Members of Congress usually speak politely to each other on the floor, because the punishment for harsh language is the cruelest that can be inflicted on a politician: He must sit down and shut up.

But about once a year, in the heat of debate, something snaps in a member with a short fuse. And so it happened yesterday to Sen. Lowell Weicker (R-Conn.) in debate with a fellow Republican moderate, H. John Heinz (Pa.).

Weicker had offered an amendment to a supplemental appropriations bill that would trim $13 million in loan guarantees for construction of a steel plant in Heinz's home state.Heinz suggested that Weicker was acting in the interests of a company headquartered in Connecticut.

That did it. Weicker retorted that anyone who would make such a statement was "either an idiot or devious" and that Heinz probably qualified on both counts.

Heinz rose on a a "point of personal privilege" but was ignored by Weicker and the presiding officer until he found a Senate rule book and cited Rule 19.

This forbids senators to "impute to another senator any conduct or motive unworthy or unbecoming a senator." If in the opinion of the presiding officer a senator violates this rule, the chair shall order the senator to take his seat "and he may not proceed without leave of the Senate."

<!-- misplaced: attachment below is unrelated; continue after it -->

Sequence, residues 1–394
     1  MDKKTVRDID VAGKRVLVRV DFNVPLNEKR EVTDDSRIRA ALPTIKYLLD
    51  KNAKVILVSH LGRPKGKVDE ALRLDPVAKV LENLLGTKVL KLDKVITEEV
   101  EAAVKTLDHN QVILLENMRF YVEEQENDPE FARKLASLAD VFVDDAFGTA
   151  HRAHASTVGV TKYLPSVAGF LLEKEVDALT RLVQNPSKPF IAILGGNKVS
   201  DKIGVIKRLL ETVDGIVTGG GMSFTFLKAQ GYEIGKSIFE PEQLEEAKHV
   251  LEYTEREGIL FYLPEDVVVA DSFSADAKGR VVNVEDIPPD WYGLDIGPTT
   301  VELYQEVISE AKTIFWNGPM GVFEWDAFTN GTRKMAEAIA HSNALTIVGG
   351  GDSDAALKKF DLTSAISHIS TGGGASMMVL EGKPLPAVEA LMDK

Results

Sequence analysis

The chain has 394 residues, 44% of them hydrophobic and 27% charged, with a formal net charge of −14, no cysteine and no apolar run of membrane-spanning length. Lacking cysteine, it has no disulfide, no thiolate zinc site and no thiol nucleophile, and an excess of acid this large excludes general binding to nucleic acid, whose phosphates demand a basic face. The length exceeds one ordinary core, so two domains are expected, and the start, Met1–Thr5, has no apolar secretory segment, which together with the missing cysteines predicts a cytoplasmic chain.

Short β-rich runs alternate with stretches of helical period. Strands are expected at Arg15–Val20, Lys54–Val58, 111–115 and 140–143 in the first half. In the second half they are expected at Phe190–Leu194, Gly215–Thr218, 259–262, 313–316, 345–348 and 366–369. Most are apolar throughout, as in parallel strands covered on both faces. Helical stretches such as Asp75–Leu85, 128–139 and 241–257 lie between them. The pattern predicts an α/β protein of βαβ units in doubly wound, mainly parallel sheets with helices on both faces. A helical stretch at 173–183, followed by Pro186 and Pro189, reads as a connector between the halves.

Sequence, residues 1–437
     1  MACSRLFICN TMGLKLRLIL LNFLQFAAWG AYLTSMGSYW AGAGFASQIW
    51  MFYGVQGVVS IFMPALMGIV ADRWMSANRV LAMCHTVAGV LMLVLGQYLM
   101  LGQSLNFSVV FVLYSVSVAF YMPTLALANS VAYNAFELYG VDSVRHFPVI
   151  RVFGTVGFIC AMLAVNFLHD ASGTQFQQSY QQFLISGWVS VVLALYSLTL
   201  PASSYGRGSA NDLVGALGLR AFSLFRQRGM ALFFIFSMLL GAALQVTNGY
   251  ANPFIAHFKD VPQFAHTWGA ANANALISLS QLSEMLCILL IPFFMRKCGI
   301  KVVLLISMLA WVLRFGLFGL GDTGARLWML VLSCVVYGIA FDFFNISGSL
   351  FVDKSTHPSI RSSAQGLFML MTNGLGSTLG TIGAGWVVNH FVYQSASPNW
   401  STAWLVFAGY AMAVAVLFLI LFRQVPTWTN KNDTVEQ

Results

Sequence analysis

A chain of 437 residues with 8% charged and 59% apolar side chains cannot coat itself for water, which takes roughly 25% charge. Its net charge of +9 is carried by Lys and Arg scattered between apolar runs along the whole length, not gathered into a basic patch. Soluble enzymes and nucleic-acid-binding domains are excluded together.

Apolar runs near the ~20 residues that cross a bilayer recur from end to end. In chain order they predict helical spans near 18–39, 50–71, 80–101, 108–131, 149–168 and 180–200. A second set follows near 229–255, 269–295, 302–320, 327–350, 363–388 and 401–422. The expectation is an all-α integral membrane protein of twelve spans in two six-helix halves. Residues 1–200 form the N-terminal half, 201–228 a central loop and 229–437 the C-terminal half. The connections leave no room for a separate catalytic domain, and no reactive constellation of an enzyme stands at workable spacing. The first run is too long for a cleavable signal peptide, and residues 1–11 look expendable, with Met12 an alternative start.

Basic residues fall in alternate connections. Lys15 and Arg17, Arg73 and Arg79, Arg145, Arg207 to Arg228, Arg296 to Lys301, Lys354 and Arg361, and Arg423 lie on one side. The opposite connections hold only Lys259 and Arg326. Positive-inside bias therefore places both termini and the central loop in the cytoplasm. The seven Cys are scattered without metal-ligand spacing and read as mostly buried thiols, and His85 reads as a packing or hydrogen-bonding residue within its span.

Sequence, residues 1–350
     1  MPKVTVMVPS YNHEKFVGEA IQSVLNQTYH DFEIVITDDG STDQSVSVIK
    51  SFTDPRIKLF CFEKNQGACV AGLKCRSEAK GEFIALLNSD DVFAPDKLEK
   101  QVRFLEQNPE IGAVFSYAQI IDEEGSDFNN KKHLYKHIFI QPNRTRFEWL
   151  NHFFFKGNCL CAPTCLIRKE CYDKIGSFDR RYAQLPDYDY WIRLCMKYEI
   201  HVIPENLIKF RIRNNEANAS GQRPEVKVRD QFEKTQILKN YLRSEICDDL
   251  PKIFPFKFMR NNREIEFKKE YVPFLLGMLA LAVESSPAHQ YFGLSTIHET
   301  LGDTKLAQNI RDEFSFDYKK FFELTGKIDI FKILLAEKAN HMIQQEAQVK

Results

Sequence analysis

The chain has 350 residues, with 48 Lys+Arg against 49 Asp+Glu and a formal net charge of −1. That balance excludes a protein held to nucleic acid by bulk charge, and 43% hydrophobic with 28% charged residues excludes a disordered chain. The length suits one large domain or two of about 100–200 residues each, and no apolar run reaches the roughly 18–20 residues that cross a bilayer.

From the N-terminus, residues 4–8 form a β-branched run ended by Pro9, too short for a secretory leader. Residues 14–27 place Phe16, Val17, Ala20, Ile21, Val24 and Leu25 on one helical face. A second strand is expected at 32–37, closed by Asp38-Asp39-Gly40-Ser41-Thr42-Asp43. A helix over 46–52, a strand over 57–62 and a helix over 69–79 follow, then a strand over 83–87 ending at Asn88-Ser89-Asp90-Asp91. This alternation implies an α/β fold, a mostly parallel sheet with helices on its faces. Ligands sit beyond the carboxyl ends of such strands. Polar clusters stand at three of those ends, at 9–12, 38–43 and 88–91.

This brought Senate proceedings to a half. Weicker was asked to take his seat. The next step would have been for the official reporter to read back Weicker's words and for the presiding officer to decide whether or not they violated the rule.

But the reporter who had taken down Weicker's words had left the floor to transcribe his notes. As the Senate waited, Majority Leader Robert C. Byrd (D-W.Va.) intervened and eventually got unanimous consent to strike Weicker's remarks from the record.

It took a bit of doing, however, Byrd tried being soothing, saying he could understand why Heinz took "umbrage," and adding that "many times we say in heated debate what later we wish had not been said."

"I take considerable objection to is characterization," said Heinz of Weicker, "I see no willingness on his part to have the remarks stricken from the record."

Weicker, after getting permission to speak, said he would consider agreeing to striking his remarks from the record "if the senator takes umbrage, and I would if I was him . . .."

Heinz offered to apologize if Weicker felt his intergrity had been impugned by Heinz's remarks. Weicker wasn't willing to go so far as to apologize, but he did agree to wipe his statement from the record. Then they shook hands and none of this will appear in the Congressional Record's account of yesterday's Senate debate.

Weicker's amendment was defeated, 59 to 29. CAPTION: Picture, Weicker: He's sorry if Heinz takes offense, "and I would if I was him . . ." AP